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JAMA. 1944;125(11):790-791. doi:10.1001/jama.1944.02850290030010.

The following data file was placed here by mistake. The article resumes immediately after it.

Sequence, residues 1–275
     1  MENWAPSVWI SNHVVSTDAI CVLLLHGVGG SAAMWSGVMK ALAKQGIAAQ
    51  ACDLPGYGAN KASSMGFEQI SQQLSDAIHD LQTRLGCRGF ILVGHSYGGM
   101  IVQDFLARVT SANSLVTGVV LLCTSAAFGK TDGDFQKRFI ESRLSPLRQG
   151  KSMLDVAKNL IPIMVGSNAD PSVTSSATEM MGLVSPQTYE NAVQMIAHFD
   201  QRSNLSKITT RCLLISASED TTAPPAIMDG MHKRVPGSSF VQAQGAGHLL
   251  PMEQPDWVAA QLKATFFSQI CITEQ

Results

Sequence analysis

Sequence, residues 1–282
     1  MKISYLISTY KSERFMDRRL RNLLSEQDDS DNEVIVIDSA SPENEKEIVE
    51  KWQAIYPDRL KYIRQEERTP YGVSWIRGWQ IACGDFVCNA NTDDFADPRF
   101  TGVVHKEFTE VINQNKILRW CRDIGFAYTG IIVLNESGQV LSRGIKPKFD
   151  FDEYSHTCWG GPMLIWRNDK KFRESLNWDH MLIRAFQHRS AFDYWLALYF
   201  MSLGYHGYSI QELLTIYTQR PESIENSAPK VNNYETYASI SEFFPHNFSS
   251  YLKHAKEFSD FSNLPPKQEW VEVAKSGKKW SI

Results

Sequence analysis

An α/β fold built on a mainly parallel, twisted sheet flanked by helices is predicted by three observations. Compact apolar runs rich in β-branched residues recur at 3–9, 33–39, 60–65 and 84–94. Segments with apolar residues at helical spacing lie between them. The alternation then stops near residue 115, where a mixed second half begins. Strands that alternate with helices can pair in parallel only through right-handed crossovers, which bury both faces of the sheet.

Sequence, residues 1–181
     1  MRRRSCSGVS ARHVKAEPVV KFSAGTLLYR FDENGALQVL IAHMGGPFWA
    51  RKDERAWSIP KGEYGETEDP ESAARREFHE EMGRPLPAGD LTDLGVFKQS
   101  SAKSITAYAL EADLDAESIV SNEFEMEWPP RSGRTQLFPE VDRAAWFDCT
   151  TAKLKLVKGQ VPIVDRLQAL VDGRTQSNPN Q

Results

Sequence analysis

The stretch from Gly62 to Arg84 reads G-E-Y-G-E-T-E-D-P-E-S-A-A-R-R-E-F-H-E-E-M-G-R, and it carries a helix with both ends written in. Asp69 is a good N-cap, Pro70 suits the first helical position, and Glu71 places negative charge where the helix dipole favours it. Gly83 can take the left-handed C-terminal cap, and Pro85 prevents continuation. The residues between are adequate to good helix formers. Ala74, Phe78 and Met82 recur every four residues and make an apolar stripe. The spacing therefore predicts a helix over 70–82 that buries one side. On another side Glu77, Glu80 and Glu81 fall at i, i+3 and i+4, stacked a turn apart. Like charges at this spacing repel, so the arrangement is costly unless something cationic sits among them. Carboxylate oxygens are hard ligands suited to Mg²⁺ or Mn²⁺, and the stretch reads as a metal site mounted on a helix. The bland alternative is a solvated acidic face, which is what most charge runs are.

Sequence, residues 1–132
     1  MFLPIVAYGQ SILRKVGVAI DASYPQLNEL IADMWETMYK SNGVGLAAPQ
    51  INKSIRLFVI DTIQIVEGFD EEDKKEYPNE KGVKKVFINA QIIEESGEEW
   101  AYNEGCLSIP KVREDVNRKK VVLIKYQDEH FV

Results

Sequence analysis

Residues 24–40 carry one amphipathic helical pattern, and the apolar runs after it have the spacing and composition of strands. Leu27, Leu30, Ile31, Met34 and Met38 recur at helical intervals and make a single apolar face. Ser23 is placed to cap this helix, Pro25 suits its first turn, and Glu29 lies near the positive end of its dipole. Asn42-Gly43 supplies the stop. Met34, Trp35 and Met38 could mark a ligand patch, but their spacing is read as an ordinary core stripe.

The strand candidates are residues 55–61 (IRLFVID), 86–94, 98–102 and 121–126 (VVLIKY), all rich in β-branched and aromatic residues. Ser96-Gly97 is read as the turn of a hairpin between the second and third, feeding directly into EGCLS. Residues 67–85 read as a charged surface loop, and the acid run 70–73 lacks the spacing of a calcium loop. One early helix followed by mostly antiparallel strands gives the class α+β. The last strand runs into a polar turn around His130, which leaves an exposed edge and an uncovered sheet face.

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In 1930 Harriet Edgeworth reported relief of asthenia, dysphagia, diplopia and disturbance of speech when she took ephedrine by mouth. Walker in 1934 administered physostigmine salicylate to a patient with myasthenia gravis because it was thought that the muscles in myasthenia behave like muscles poisoned by curare, so that physostigmine, an antagonist to curare, might counteract the unknown substance which seemed to be exerting a curare-like effect on the motor nerve endings. Subsequently a synthetic analogue known as neostigmine replaced physostigmine as the remedy of choice, owing to its less toxic side effects. The remarkable response to neostigmine given by hypodermic injections led to its use as a diagnostic measure by Viets and Schwab. These authors1 gave neostigmine bromide orally to 44 patients with myasthenia gravis and supplemented it with ephedrine sulfate, potassium chloride and occasionally guanidine. Forty-three of their patients had a characteristic reaction to the combined therapy


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